1) Don’t try to talk them out of being afraid.
2) Stay calm and confident. How you speak to them about their fears is as important as what you say.
3) When helping your child to confront their fears find out what feels comfortable. Don’t force your child to do more than that. However, don’t give your child a total out. Complete avoidance isn’t the answer for anxiety. Practice coping response in a variety of ways. Teach and provide relaxation tools.
4) Reward efforts both big and small.

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Children and pets

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I always joke that I don’t understand people who don’t like pets, but there is a hint of truth there. How we treat animals says a great deal about our character. We don’t have to love animals to treat them with respect and decency. Children watch how we interact with all creatures from the tiniest bug to a massive elephant.

Pets are amazing, and I can’t imagine my life without my cat and dog. I am somewhat biased having grown up in a house full of pets though. One year we had two dogs, two kittens, a canary named yellow eagle, an aquarium full of fish, two teddy bear hamsters, and some newts. There was never a dull moment or a lack of chores that’s for sure.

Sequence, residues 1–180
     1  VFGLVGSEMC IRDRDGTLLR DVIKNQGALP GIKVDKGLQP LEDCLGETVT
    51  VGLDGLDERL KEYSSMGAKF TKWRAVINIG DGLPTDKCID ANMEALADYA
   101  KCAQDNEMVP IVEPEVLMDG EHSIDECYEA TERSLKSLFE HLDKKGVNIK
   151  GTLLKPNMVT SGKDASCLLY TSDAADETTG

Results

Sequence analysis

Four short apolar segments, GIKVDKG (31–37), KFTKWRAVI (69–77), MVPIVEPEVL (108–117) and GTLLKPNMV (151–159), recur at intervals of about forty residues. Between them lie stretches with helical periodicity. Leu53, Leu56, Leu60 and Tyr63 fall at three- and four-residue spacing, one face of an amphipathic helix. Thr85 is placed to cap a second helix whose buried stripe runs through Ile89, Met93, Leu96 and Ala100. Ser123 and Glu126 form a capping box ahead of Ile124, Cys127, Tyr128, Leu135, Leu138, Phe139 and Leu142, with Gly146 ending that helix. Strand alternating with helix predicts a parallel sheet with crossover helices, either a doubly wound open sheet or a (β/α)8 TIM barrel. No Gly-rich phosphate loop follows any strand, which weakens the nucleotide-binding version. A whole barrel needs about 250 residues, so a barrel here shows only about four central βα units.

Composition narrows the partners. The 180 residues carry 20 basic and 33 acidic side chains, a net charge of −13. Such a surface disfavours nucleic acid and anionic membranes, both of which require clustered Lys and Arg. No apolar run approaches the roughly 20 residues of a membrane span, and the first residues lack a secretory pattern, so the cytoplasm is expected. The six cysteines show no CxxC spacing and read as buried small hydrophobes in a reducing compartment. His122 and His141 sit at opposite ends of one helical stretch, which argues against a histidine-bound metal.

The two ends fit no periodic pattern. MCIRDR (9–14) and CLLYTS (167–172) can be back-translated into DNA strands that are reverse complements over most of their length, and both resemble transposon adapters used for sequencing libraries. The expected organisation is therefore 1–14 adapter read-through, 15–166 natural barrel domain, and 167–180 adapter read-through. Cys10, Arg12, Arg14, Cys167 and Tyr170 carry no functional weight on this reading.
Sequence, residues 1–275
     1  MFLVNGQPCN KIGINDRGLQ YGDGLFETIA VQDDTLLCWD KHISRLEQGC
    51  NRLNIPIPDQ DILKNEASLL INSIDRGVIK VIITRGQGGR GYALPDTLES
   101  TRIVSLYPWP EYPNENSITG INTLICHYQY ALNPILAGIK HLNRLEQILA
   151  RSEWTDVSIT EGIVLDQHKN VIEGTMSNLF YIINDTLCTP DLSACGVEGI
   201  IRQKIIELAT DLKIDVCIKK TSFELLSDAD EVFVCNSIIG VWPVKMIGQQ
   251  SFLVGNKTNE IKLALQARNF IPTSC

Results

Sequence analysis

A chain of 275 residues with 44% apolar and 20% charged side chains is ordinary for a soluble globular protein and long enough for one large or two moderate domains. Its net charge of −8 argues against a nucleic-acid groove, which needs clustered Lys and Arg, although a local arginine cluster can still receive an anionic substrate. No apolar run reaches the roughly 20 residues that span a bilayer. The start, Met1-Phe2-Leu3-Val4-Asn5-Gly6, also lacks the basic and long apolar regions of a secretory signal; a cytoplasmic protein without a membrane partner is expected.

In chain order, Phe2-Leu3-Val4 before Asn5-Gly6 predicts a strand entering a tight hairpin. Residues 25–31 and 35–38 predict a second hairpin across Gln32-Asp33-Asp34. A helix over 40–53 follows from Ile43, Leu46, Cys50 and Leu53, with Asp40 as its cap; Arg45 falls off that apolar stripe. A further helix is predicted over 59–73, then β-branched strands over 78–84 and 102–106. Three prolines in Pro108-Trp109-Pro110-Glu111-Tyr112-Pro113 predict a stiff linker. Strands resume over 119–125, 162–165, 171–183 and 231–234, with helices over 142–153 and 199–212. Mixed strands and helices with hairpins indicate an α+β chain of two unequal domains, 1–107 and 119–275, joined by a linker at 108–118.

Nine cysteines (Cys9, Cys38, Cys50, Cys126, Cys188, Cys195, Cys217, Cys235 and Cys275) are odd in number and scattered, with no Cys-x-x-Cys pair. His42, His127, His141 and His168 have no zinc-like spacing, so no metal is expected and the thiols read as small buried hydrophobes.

I always encourage people to let their children have an age-appropriate and family appropriate pet. The family will need to decide what classes as age suitable or family appropriate, but there are so many benefits to owning a pet that it’s worth talking about.

Last week I read an article that reviewed 22 different studies on the benefits of owning a pet. The conclusion was that children who grow up with pets have higher self-esteem, higher cognitive development, and higher social skills. All the studies discussed the general health benefits which are: lower stress, lower blood pressure, increased mood, and that pets help to prevent strokes in older people.